Eli - I think that people like Nicolas Jaar are pushing the boundaries, experimenting with instruments and vocals.. But I also think that some people are just lazy. You can use traktor and auto-sync to play your dj set and sit and drink a beer the whole time. A lot of people are doing the same thing with Ableton – creating a playlist in advance and hit play.  It’s  a blessing and a curse..  technology can do all these great things but it also means that people can fake it.

Charlie - Also I think one of the reasons we switched to vinyl and CD is to get rid of a computer screen in a performance setting because it cuts your connection to the crowd. It creates a distraction. The other reason we are so big on vinyl is that it’s a community.. Mike – you remember in the Satellite days that was a whole community, you know. We’d go in there and talk about the music, the weekend, what was coming up and what projects were going on.. that social environment of is gone.

MW - What are you guys using in the studio these days any favorite pieces of gear?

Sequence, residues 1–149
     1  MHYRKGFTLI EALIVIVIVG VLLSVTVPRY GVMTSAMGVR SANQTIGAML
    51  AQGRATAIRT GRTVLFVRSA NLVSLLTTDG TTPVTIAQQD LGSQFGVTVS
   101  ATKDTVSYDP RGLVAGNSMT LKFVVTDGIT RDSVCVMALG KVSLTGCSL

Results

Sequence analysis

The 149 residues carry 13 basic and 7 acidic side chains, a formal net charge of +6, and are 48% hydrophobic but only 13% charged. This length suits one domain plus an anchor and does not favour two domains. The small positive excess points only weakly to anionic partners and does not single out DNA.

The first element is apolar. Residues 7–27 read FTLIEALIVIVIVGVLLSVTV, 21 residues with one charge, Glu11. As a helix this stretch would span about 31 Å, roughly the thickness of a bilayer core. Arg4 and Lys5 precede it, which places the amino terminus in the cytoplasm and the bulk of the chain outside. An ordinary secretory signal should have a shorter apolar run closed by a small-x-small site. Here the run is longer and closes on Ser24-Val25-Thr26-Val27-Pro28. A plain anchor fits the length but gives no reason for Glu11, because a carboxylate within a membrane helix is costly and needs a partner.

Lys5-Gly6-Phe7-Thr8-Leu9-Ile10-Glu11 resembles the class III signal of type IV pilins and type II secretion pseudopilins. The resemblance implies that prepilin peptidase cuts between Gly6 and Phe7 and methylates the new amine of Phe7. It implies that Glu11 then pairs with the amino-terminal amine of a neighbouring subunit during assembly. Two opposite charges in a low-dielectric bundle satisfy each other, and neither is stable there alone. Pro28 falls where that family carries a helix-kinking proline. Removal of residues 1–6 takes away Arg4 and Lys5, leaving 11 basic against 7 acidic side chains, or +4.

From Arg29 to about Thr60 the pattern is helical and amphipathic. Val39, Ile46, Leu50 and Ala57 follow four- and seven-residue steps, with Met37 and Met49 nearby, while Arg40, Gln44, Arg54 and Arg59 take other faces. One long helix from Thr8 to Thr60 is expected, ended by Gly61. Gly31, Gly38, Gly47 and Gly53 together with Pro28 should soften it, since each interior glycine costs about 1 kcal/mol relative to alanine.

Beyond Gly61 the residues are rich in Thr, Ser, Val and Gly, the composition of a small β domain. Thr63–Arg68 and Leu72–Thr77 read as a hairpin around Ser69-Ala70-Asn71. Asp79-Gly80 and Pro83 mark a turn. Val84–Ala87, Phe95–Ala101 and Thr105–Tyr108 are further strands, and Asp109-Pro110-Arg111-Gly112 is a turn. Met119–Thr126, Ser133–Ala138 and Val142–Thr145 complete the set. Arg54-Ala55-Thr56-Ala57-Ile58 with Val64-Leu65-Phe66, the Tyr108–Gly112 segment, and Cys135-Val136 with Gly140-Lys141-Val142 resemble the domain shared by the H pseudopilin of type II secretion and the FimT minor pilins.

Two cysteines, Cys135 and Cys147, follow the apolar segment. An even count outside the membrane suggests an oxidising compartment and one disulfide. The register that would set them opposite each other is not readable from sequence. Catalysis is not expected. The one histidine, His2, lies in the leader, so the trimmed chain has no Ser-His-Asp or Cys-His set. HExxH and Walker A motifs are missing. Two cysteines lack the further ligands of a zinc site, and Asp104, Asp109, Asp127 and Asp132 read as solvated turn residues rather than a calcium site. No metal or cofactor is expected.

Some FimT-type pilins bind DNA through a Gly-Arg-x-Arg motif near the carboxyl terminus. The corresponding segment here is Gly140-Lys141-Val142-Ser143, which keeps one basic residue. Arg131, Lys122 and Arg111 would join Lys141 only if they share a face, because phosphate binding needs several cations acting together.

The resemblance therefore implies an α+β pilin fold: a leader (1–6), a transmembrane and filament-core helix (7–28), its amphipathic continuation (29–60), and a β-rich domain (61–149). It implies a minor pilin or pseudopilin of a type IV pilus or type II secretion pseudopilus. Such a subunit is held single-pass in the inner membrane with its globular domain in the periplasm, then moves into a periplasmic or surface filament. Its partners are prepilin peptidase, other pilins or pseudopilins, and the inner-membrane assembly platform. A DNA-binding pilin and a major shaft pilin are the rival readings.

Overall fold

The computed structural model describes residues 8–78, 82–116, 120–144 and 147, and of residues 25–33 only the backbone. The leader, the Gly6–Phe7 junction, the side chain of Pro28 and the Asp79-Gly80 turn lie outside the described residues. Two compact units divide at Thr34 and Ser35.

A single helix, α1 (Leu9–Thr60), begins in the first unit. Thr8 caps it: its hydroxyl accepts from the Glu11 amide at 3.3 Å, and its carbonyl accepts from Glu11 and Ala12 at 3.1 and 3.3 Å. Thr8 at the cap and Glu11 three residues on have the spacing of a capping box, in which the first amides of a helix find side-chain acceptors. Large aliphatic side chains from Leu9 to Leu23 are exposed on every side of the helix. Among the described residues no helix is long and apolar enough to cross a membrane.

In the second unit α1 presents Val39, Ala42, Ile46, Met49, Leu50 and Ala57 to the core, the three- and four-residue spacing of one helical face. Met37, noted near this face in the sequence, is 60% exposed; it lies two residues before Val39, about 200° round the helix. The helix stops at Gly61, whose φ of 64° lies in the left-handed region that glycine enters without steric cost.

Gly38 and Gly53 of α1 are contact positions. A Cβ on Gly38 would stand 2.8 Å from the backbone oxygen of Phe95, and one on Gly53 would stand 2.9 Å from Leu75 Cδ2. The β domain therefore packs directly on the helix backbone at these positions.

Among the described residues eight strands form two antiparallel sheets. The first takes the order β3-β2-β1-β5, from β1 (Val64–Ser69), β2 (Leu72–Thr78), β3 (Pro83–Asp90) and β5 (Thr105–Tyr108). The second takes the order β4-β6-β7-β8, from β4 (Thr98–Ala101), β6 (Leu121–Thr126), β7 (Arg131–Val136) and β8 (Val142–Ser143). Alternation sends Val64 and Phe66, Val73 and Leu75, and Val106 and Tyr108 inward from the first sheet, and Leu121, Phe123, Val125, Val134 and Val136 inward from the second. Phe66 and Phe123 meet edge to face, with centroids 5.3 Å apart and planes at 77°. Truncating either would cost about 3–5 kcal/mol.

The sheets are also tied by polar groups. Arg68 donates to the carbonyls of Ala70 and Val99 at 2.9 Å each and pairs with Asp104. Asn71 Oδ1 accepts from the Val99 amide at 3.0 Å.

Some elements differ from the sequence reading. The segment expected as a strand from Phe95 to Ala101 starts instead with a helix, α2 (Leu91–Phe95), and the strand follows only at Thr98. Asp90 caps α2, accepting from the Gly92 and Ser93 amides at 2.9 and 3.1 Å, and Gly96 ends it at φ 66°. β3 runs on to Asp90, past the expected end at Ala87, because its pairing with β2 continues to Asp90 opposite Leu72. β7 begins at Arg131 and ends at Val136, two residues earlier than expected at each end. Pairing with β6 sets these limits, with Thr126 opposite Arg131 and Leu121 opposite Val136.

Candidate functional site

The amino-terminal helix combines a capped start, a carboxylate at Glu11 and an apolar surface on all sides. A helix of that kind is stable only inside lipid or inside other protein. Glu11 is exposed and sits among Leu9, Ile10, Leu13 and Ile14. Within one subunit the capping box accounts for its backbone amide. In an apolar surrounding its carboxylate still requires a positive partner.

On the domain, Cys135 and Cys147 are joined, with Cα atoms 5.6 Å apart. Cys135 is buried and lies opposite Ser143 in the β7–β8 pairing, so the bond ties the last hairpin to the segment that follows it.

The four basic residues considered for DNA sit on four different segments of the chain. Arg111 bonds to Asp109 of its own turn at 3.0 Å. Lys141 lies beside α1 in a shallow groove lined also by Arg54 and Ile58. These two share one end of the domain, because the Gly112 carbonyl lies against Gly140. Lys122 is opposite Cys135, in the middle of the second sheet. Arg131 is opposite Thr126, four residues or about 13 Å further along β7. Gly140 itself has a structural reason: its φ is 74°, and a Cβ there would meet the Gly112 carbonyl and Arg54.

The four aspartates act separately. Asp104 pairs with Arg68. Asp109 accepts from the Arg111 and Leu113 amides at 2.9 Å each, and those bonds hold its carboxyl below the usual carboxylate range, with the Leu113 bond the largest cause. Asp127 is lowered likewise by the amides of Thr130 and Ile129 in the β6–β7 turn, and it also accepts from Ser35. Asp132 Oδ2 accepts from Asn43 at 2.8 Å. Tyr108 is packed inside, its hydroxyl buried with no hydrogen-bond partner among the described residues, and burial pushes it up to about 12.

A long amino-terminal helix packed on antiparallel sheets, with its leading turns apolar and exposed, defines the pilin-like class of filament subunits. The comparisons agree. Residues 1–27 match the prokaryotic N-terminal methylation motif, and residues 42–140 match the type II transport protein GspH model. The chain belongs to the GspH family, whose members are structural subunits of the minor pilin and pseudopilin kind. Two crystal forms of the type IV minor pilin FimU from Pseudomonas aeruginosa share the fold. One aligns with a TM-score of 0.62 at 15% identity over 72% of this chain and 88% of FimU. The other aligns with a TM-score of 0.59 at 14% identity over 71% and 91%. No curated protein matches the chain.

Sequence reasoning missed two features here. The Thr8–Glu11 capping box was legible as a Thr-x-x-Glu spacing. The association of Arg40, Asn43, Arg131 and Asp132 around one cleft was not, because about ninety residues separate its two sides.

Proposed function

Charlie - Ableton. Ableton. Ableton. Ableton. It changed our lives.. it’s the revolution. We were using Logic before we switched over and I don’t see going back. We’re constantly innovating ways to use two or more computers together so we can perform in a live way. In terms of where the sound and audio comes from – we do a lot of sampling! We’re using a lot of software synths that emulate classic analog pieces. One piece that we used on a lot of tracks is the MiniMoog by Arturia. But then we have a some analog gear – an SH-101, an MS-2000, and this signature piece called the Clap Trap – which just makes claps (laughs).

Eli - We’ve used a lot of hardware .. but something that we’ve learned from Ghadi about hardware is that you’ll use a synth for 6 months, get everything you can out of it and sell it. Right now we don’t have a home base so we don’t have a studio at the moment.. so it’s a very here and there kind of thing.